Faster Up-scaling Based on Consumed Read/Write #227

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jusgat opened this Issue Dec 10, 2014 · 5 comments

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@jusgat
jusgat commented Dec 10, 2014

I just started using Dynamic DynamoDB, and it's grand! Already I see a lot of benefit from it.

This is not an issue, but rather a feature. I have very steep, unpredictable consumed read/write activity after periods of not much activity at all - such that I've encountered a number of times now where my table's provisioned reads is at, say, 50, and consumption jumps up to, say, 250. At present, Dymamic DymamoDB will use my increase-reads-with 100% to increase the provisioned reads to 100, but then has to wait another 5 minute cycle to see that consumption is still above the threshold and increase by another 100%, and so on.

My question is, since Amazon no longer limits increases to 100% of the current provisioned amount, can Dynamic DynamoDB use the consumed percentage to modify the increase necessary to place the consumption under the upper threshold in a single step?

Using the numbers of my earlier example, if my table has 50 provisioned, and my consumption jumps to 250, Dynamic DynamoDB knows that consumption is at 500% and an increase of 100% won't cover it. One way to solve this is to loop through the possible increases until the right one to implement is found - 50 increase by 100% = 100; no; 100 increase by 100% = 200; no; 200 increase by 100% = 400; yes!

With a feature like this, I would be able to keep my tables' minimum provisioned amounts very low for the periods of time they're not being used much, but then have them scale up to the correct amount in a single cycle when steep-sided plateaus of activity start.

Again, absolutely brilliant work. Thank you for your time.

@jusgat
jusgat commented Dec 10, 2014

Another way to solve this is to simply take the consumed percentage - 500% in my example - multiply that by the current provisioned amount - 50 - and divide it by the upper threshold - let's say 80% - to get the new provisioned - 313.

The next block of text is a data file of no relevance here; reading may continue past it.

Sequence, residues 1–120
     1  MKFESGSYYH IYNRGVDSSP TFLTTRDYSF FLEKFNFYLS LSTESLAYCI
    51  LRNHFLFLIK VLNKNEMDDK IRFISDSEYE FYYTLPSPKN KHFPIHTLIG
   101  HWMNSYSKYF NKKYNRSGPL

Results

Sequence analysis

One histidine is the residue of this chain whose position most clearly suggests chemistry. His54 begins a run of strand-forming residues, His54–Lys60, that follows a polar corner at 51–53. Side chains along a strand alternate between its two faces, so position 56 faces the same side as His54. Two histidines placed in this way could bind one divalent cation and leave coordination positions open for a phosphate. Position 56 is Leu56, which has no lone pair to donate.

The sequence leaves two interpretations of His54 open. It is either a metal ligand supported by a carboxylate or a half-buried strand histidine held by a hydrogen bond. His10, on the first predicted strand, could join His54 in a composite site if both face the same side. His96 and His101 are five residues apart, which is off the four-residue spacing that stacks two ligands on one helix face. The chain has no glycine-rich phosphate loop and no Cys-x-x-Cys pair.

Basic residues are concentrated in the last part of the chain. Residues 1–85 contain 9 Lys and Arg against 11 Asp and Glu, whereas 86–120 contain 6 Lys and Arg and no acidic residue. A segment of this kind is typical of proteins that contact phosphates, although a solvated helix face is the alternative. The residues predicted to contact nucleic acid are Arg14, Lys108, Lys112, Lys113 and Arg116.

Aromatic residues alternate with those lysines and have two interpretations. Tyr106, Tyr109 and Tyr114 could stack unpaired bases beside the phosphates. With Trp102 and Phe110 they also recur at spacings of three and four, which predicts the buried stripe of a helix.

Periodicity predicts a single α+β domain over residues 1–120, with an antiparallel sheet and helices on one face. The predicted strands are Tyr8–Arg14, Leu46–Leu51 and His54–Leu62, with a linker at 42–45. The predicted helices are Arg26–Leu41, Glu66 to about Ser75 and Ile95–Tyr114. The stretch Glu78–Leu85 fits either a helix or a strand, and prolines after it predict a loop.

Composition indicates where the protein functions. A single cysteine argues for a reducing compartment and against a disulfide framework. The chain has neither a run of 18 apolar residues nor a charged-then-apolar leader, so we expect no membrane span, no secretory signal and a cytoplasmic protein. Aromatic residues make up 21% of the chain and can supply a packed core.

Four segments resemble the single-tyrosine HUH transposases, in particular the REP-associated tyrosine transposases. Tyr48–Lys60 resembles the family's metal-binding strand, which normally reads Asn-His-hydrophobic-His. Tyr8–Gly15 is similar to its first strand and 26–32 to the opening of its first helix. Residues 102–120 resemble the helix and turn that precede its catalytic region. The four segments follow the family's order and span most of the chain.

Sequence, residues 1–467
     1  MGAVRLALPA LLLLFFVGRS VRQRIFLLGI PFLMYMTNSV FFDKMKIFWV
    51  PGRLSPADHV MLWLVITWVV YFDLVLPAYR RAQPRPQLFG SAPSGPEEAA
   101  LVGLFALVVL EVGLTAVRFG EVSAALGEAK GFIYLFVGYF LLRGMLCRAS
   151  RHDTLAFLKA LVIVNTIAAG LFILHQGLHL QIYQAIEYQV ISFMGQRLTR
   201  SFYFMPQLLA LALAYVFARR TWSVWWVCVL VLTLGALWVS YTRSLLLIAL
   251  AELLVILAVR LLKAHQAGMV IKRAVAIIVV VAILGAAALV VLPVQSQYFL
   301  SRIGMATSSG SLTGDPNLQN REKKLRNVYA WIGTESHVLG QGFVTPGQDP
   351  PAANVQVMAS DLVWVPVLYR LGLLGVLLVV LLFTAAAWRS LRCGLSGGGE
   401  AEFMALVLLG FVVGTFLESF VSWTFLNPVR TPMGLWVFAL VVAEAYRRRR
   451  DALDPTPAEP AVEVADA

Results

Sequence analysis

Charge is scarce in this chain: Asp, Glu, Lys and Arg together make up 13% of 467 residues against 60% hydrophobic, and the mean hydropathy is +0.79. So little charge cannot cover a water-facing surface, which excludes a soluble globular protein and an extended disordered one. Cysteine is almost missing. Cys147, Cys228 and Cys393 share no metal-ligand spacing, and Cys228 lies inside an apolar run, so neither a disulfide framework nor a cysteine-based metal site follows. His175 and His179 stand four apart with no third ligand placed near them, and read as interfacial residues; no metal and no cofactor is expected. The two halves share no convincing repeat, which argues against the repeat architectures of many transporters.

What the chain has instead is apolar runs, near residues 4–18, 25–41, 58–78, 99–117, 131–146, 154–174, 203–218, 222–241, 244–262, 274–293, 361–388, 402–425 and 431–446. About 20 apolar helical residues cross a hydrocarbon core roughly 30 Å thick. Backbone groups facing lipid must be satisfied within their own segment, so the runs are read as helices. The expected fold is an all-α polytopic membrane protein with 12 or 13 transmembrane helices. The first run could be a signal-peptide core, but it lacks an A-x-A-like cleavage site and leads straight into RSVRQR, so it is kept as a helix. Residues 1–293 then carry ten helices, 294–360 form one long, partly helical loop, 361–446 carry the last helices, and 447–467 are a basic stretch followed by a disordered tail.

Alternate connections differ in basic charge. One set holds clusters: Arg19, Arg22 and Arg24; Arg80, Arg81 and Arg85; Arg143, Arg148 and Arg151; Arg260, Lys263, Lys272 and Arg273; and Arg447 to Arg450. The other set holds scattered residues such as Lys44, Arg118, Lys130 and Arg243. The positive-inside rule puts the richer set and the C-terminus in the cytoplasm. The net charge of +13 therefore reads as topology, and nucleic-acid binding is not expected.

@sebdah sebdah added this to the Feature request pool milestone Dec 18, 2014
@sebdah sebdah assigned sebdah and unassigned sebdah Dec 18, 2014
@sebdah sebdah added a commit that referenced this issue Dec 20, 2014
@sebdah Fixed parameter order #227 080e1d6
@sebdah sebdah self-assigned this Dec 20, 2014
@sebdah
Owner
sebdah commented Dec 20, 2014

Thanks for the feature request. This is a good idea and me and @pragnesh are currently looking into this. Testing is needed.

@sebdah sebdah modified the milestone: 1.20.x, Feature request pool Dec 22, 2014
@sebdah sebdah closed this Dec 22, 2014
@sebdah
Owner
sebdah commented Dec 22, 2014

This is now fixed and released in version 1.20.0. Thanks for the feature request @jusgat and thanks for the pull request @pragnesh!

Happy holidays!

@jusgat
jusgat commented Dec 22, 2014

Really awesome! Thanks for the good news. Can't wait to get back from
vacation and start using 1.20.0.
On Dec 22, 2014 12:27 PM, "Sebastian Dahlgren" notifications@github.com
wrote:

This is now fixed and released in version 1.20.0. Thanks for the feature
request @jusgat https://github.com/jusgat and thanks for the pull
request @pragnesh https://github.com/pragnesh!

Happy holidays!


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#227 (comment)
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@Sazpaimon
Contributor

Bumping this issue because I think it needs to be documented. I ran into weird behavior when I was implementing the granular upscaling, where I had the following settings:

increase-consumed-writes-scale = {80: 7, 85: 14, 91: 22, 97: 30, 104: 39, 111: 48, 118: 58, 126: 68, 134: 79, 143: 91, 152: 103}

If I saw something like 400% utilization I was seeing a ridiculously high increase in throughput that I could not understand until I saw this code. Had I have known that I would have had a different increase at 100%

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